Offensive Line Tried To Answer Critics

One constant during the past couple of seasons when it comes to Ohio State football has been griping about the performance of the team's offensive line. With that in mind, members of the unit hope paving the way for the Buckeyes' end-of-season success answered some critics. Either way, it's hard to argue the Buckeyes got better as the year progressed.

As he worked on his gameday preparation for the showdown at Penn State on Nov. 7, Ohio State offensive lineman Jim Cordle found some motivation from perhaps an unlikely source – the television.

Watching ESPN's "College GameDay" show, Cordle sat back and watched many of the national sports network's analysts say that the Nittany Lions were going to win the game, and one of the main reasons why would be that Penn State would have its way with the OSU offensive line.

After the Buckeyes ran for 228 yards and allowed zero sacks against a team that had entered allowing 84.1 rushing yards per game while making 3.6 sacks per contest, Cordle was more than happy to give credit to those he saw on TV.

"You have to thank Kirk Herbstreit and Todd McShay for getting the line all fired up," he said. "When you have a 3:30 game you can watch ‘GameDay,' and those guys were talking about how the O-line was going to be the reason we were going to lose today. That got us fired up and we contributed to the win, big time."

The Buckeye offensive line, so maligned during the past few years and on shaky footing throughout the first half of this season, had reason to gloat after the last five games of the season. Finally able to put a consistent unit on the field – for the most part – after a number of injuries early in the season, the line was one of the driving forces behind the Buckeyes' Rose Bowl push.

Ohio State topped 200 yards rushing in each of the last five games, putting up 228 yards against Penn State, 229 vs. Iowa and 251 in a season-ending win against Michigan, rebounding after the Wolverines' line controlled the tempo in the early going.

"Things certainly haven't been perfect, but I think everybody has continually been working at things and learning and going through some growing pains, and we have to keep doing that," offensive line coach Jim Bollman said late in the season. "I think they have the right attitude about things and they want to get better. They're not just trying to get by on things, they want to get better."

Thanks to the end of season rushing explosion, OSU averaged 198.6 yards per game and 4.6 per carry in Big Ten contests, marks that were first and second, respectively, in the league. In addition, the 15 sacks allowed in conference play were good for fourth in the league.

"The coaches have really been after us about practicing faster and executing things, just being better in practice so when it comes to the games we can show what we do," guard Bryant Browning said near the end of the season.

That the Buckeyes would finish so well in the stats seemed unlikely after the offensive line struggled to protect Terrelle Pryor during the team's 26-18 loss against a solid Purdue front, but that game might have shown the OSU lineman exactly where to improve.

Purdue seemed to confuse the line with late shifting as its suddenly rowdy fan support messed with line communication. The result was five false starts and a number of missed assignments.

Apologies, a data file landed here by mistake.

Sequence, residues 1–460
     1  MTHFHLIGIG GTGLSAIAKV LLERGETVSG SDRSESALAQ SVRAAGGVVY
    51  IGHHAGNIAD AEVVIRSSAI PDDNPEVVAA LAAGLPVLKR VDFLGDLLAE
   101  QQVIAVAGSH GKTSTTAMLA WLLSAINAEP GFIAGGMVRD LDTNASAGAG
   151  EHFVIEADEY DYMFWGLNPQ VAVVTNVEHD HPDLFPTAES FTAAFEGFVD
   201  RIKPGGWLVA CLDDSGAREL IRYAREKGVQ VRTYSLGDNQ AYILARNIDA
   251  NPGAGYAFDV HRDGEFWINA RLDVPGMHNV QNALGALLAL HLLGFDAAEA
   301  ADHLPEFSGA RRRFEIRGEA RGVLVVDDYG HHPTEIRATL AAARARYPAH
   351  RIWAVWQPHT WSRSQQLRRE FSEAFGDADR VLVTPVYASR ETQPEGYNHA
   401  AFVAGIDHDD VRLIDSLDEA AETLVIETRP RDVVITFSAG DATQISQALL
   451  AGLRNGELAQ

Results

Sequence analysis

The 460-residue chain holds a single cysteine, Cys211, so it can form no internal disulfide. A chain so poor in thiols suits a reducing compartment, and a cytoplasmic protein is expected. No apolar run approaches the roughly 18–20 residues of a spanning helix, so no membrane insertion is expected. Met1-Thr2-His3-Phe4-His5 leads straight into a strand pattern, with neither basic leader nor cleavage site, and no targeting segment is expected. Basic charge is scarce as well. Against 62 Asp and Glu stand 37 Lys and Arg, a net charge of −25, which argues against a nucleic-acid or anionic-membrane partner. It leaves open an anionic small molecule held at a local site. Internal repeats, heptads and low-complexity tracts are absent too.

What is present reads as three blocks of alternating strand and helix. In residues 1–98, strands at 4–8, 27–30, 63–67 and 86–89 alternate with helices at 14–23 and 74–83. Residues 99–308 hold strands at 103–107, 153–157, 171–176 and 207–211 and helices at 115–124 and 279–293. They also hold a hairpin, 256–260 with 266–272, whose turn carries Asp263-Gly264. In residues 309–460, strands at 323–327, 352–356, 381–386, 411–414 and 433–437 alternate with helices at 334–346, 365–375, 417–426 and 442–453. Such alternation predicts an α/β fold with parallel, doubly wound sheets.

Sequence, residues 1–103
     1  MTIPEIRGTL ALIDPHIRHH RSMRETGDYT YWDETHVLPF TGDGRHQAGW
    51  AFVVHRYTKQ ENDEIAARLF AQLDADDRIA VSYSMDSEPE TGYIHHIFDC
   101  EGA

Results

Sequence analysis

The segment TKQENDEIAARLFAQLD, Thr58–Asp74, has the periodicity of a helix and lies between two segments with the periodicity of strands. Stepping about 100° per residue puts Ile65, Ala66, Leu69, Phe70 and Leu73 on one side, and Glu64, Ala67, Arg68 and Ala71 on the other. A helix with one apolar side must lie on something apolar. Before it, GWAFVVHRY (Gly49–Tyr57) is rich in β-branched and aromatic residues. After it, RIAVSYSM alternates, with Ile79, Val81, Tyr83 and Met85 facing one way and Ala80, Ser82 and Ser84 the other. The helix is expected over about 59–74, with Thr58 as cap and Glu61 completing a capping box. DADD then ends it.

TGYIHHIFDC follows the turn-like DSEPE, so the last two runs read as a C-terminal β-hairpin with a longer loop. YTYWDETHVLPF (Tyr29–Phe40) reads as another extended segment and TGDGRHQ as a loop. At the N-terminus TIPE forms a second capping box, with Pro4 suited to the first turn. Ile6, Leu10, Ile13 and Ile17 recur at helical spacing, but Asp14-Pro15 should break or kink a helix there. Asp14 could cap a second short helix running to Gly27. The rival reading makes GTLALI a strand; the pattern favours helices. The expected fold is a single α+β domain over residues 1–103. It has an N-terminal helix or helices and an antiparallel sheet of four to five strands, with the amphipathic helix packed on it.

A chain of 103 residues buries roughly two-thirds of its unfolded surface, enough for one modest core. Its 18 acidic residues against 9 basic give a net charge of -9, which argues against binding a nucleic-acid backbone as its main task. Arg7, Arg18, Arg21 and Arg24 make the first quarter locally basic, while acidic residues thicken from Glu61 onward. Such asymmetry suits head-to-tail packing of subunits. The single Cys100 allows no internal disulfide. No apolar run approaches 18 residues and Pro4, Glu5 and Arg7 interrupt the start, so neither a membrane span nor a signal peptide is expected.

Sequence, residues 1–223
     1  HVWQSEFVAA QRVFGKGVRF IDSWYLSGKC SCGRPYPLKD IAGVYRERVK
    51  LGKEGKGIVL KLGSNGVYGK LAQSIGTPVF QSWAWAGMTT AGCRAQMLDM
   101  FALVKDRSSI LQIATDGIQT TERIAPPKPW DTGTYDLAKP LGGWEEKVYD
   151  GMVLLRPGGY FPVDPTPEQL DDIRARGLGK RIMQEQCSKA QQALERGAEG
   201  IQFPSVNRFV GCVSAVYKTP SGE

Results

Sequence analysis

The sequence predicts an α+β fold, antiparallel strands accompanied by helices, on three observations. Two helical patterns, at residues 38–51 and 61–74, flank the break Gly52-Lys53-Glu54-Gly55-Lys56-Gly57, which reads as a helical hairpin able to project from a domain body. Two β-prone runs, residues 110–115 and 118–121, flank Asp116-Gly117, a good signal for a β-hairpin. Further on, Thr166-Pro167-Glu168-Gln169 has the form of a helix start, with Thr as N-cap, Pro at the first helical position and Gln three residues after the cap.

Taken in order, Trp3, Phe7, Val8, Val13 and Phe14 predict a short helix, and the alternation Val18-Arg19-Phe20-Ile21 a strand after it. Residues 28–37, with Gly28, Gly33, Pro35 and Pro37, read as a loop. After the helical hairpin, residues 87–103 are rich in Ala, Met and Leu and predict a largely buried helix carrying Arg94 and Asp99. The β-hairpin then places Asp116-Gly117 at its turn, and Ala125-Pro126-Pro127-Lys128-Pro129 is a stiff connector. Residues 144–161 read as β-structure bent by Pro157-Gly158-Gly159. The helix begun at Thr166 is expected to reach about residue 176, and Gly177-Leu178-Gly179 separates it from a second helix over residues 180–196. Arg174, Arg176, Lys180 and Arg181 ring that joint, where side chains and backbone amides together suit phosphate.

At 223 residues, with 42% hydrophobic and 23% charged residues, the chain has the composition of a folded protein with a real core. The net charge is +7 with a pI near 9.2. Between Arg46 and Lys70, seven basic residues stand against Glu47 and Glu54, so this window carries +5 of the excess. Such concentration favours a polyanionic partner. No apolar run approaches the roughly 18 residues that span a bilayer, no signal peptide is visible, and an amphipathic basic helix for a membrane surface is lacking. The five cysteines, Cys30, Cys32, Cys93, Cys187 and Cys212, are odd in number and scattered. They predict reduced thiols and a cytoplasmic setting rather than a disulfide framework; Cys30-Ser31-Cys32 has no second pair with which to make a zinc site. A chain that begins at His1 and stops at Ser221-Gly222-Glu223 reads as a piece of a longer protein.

By the time the team took the road again for the game at Penn State, those problems – enumerated so obviously in West Lafayette – seemed to have been fixed after some targeted work in practice. Around that same time, the Buckeyes were presented with some offensive line cohesiveness for the first time all season.

A number of injuries and illness forced the Buckeyes to mix and match throughout the opening seven games, but the return of Jim Cordle seemed to solidify things across the line. Though left guard Justin Boren and right tackle J.B. Shugarts missed small amounts of time in the last five games, Ohio State seemed to find a combination that worked with Cordle on the left side.

"When you move around so much, you only get so much time working in practice on assignments," Cordle said. "You don't get everything you need to get. With one line you'll just keep getting better and better. That's the way it is."

It also helped that the interior of the line was together for all but one game, the New Mexico State contest that Boren missed with an injury. Boren, center Michael Brewster and Browning were steady as a rock for much of the season even as Boren and Brewster (ankle) battled nagging maladies.

"They've got a little more time than some of the other guys," Bollman said. "For the most part, those three guys have hung in there OK."

The tackle positions were stabilized by the end of the season, too, with Cordle playing well in his cameo on the left side and Shugarts improving by the game on the right side. In addition, tight end Jake Ballard – used as a blocker on just about every run play – had stretches of the season in which he excelled, earning OSU Jim Parker offensive lineman of the week honors three times.

"If he would be struggling it would be a lot more difficult," Bollman said of Ballard. "When he can handle things, neutralize things at the point of attack, it gives us a pretty good chance."

Ohio State also got good minutes as the season progressed from true freshman Marcus Hall (who started against Iowa), senior guard Andrew Moses and junior tackle Andrew Miller, who started the year as the left tackle before missing time with a flu bug.

When everything came together, a group that often was at the forefront of criticism from OSU fans for the past few seasons had a large hand in the team's success.

"Maybe they should have been critical (before)," Cordle said after the Penn State game, "but maybe now we'll get some credit."

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